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I wanted something more flexible than System.Collections.ObjectModel.ReadOnlyCollection. The goal was: consuming classes should only see what I want to show them, not whole underlying collection.

For example: I have an array of 10 elements. If I want to show consumer only first 5 elements, I don't want to create new List and rewrite that data. Another example: I want to show consumer reordered collection, why create new List and rewrite all ?

Here is interface (.NET version defined in 4.5):

public interface IReadOnlyCollection<out T> : IEnumerable<T>
    {
        T this[int index] { get; }
        int Count { get; }
    }

and implementation (not tested yet):

public delegate T ProxiedIndexer<out T>(int index);

public class ProxiedReadOnlyCollection<T> : IReadOnlyCollection<T>, IEnumerable<T>
{
    public ProxiedReadOnlyCollection(ProxiedIndexer<T> indexer, Func<int> countGetter)
    {
        this.indexer = indexer;
        this.countDelegate = countGetter;
    }

    #region IReadOnlyCollection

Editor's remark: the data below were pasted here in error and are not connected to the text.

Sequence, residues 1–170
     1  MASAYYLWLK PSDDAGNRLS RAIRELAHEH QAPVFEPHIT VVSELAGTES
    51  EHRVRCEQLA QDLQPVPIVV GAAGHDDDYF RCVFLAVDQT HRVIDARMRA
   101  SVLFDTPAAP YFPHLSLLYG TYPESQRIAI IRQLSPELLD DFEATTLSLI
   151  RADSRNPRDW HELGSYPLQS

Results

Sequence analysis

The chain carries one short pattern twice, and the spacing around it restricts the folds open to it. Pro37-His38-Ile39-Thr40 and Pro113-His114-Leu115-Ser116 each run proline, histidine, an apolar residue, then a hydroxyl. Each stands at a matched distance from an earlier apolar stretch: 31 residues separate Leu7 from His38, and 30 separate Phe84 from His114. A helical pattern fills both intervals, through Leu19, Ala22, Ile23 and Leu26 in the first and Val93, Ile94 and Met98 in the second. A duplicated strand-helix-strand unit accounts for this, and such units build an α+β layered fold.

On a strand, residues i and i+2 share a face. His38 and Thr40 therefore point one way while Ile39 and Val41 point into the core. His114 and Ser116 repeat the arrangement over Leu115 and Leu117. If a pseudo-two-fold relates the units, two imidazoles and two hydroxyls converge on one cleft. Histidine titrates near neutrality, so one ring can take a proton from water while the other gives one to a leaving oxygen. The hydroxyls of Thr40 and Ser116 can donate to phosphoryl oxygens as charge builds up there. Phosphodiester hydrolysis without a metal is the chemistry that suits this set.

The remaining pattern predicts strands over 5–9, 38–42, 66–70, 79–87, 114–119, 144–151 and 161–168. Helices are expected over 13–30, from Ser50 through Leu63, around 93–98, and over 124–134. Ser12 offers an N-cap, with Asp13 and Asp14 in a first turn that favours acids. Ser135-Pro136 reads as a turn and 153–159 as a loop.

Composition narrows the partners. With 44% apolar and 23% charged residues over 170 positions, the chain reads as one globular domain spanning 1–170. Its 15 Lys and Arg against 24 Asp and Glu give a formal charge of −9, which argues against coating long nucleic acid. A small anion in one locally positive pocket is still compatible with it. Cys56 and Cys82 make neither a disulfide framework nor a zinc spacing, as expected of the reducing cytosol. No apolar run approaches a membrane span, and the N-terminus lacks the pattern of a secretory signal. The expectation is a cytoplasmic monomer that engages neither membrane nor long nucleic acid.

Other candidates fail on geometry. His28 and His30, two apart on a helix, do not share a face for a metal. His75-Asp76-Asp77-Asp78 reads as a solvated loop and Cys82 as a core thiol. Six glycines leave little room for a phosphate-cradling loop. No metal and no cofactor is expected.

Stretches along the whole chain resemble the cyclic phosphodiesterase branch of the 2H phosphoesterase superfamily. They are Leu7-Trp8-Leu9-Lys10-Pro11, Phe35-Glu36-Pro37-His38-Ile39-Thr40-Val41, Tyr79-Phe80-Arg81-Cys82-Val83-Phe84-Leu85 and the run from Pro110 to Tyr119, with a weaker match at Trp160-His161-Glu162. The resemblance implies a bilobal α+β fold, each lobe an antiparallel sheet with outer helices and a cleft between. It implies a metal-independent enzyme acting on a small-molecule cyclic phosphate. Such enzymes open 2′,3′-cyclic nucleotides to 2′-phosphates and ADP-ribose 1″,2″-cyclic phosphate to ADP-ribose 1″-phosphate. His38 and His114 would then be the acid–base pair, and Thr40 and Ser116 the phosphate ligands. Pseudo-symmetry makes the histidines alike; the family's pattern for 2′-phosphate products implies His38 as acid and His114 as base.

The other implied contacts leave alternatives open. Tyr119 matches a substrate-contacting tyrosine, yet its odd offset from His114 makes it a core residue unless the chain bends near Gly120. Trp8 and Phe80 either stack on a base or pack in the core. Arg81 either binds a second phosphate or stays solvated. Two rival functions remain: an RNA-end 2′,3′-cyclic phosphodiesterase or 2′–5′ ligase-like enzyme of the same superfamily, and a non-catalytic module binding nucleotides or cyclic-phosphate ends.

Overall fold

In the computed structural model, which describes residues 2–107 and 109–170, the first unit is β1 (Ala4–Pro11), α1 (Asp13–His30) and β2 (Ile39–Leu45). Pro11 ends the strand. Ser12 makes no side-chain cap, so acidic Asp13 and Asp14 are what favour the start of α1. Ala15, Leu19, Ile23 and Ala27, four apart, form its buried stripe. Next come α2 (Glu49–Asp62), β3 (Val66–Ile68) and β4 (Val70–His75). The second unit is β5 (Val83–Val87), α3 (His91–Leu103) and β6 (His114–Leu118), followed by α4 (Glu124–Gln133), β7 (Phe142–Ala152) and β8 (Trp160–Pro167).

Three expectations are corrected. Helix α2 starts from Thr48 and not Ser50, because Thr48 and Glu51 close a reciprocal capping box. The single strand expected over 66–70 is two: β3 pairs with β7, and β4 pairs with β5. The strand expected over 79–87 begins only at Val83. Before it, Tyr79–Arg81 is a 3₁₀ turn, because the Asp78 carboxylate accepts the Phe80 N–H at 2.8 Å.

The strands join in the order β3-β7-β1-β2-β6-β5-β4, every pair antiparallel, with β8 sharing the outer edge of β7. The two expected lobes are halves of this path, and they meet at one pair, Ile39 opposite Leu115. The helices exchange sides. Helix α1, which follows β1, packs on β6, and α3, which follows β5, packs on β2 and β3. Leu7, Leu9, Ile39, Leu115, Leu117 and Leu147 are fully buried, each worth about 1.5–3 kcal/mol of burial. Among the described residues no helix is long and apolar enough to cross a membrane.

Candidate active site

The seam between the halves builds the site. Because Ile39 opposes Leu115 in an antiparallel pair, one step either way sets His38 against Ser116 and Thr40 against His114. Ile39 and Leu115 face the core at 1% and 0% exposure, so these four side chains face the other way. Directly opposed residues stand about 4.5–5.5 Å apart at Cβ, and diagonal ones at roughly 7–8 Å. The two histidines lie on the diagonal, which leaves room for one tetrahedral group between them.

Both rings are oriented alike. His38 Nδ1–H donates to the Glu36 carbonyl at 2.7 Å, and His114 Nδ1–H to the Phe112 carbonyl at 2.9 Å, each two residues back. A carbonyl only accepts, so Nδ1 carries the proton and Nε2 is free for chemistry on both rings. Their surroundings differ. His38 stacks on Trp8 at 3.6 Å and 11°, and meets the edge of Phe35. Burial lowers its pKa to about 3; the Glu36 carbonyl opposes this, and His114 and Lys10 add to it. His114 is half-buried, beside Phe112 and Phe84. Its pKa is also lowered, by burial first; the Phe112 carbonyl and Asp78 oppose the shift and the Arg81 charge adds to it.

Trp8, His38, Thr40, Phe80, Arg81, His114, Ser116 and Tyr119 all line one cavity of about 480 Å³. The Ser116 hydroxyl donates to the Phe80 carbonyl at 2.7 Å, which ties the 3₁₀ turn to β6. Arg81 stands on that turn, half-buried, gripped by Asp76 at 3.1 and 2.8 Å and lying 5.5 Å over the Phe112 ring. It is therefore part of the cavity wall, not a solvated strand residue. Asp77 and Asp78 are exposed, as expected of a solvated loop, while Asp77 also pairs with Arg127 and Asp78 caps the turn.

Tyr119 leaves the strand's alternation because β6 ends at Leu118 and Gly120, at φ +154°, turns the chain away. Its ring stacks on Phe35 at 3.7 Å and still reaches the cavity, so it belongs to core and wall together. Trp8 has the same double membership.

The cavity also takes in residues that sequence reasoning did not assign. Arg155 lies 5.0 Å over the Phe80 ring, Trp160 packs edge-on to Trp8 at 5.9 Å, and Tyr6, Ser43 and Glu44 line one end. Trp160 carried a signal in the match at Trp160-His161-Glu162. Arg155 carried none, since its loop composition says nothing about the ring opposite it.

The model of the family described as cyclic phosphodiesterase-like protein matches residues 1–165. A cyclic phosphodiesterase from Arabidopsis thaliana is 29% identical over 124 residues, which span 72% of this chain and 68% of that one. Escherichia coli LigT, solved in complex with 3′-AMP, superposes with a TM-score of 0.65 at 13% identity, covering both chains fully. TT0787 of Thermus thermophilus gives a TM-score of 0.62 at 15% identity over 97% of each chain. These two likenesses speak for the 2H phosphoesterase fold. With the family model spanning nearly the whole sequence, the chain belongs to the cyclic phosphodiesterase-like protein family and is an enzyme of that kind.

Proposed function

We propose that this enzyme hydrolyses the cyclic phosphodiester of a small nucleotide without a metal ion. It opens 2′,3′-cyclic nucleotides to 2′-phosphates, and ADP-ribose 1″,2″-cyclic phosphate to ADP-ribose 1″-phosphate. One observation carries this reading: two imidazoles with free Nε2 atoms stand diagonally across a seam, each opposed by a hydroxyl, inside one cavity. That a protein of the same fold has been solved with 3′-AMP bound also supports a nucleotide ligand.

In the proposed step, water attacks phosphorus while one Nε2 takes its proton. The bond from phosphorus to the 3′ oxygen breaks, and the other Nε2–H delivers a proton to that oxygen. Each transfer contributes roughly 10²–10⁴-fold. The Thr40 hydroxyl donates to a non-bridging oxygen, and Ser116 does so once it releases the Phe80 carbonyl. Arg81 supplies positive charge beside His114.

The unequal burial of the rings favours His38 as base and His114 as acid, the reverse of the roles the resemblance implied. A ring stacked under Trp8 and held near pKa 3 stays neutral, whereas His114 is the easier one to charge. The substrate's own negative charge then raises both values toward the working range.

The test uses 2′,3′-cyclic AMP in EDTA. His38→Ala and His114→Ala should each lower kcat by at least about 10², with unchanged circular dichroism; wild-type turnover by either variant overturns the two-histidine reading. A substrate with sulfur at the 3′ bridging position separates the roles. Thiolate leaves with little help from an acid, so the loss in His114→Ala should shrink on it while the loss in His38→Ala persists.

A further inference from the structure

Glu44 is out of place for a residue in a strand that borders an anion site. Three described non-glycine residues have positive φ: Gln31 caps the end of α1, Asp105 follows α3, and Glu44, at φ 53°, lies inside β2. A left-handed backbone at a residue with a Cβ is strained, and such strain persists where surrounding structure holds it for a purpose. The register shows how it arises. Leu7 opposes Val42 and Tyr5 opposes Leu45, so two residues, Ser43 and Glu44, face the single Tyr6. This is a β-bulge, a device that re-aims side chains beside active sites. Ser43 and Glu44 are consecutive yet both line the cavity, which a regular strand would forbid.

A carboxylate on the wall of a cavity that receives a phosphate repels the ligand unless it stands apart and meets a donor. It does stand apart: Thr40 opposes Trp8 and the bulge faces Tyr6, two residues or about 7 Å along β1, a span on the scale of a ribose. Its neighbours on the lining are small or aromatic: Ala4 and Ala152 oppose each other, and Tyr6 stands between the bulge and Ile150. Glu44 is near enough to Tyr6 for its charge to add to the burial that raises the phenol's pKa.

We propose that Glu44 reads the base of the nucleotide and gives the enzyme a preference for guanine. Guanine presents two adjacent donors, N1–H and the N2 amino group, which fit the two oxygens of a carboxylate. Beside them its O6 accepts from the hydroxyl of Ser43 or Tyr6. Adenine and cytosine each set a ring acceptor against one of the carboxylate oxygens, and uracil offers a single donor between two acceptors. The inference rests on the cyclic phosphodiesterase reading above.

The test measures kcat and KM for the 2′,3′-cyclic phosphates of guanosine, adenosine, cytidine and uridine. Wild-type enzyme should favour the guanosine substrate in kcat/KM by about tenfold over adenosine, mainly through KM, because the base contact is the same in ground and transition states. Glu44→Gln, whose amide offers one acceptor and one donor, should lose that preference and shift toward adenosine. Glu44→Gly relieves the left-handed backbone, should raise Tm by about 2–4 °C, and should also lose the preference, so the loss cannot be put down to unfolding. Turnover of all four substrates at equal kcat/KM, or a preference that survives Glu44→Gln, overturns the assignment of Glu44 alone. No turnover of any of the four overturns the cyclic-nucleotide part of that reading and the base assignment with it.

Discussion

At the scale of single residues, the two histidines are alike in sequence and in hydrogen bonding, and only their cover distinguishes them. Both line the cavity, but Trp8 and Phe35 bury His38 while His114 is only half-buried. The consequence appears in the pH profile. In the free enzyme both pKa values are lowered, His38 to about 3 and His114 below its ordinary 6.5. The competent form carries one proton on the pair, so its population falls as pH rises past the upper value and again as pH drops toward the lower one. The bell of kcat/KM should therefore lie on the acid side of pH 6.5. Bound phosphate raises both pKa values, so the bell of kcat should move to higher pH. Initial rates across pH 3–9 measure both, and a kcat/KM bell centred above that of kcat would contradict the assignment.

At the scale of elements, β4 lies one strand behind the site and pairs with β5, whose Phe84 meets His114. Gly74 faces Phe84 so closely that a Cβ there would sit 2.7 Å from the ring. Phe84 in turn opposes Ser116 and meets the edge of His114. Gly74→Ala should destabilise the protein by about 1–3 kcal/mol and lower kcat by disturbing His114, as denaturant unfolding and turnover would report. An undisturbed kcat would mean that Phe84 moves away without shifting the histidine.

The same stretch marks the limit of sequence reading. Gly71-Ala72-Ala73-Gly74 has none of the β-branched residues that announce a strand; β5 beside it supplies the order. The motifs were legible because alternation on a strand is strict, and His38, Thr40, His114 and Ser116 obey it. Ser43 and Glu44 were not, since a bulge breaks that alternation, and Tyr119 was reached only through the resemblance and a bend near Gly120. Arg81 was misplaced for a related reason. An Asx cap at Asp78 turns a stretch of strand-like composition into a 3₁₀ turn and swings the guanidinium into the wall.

/// <summary>
    /// Override to decorate in fly.
    /// </summary>
    public virtual T this[int index]
    {
        get
        {
            if (index < 0 || index >= countDelegate())
                throw new IndexOutOfRangeException();

            return indexer(index);
        }
    }

    public int Count { get { return countDelegate(); } }

    private readonly ProxiedIndexer<T> indexer;
    private readonly Func<int> countDelegate;
    #endregion //IReadOnlyCollection

    #region IEnumerable
    public IEnumerator<T> GetEnumerator()
    {
        return this.Enumerate().GetEnumerator();
    }

    System.Collections.IEnumerator System.Collections.IEnumerable.GetEnumerator()
    {
        return this.GetEnumerator();
    }

    private IEnumerable<T> Enumerate()
    {
        for (int i = 0; i < Count; i++)
            yield return this[i];
    }
    #endregion //IEnumerable

Useful extensions:

public static IReadOnlyCollection<T> AsReadOnly<T>(this IList<T> list)
{
    return new ProxiedReadOnlyCollection<T>(i => list[i], () => list.Count);
}

public static IReadOnlyCollection<T> AsReadOnly<T>(this T[] array)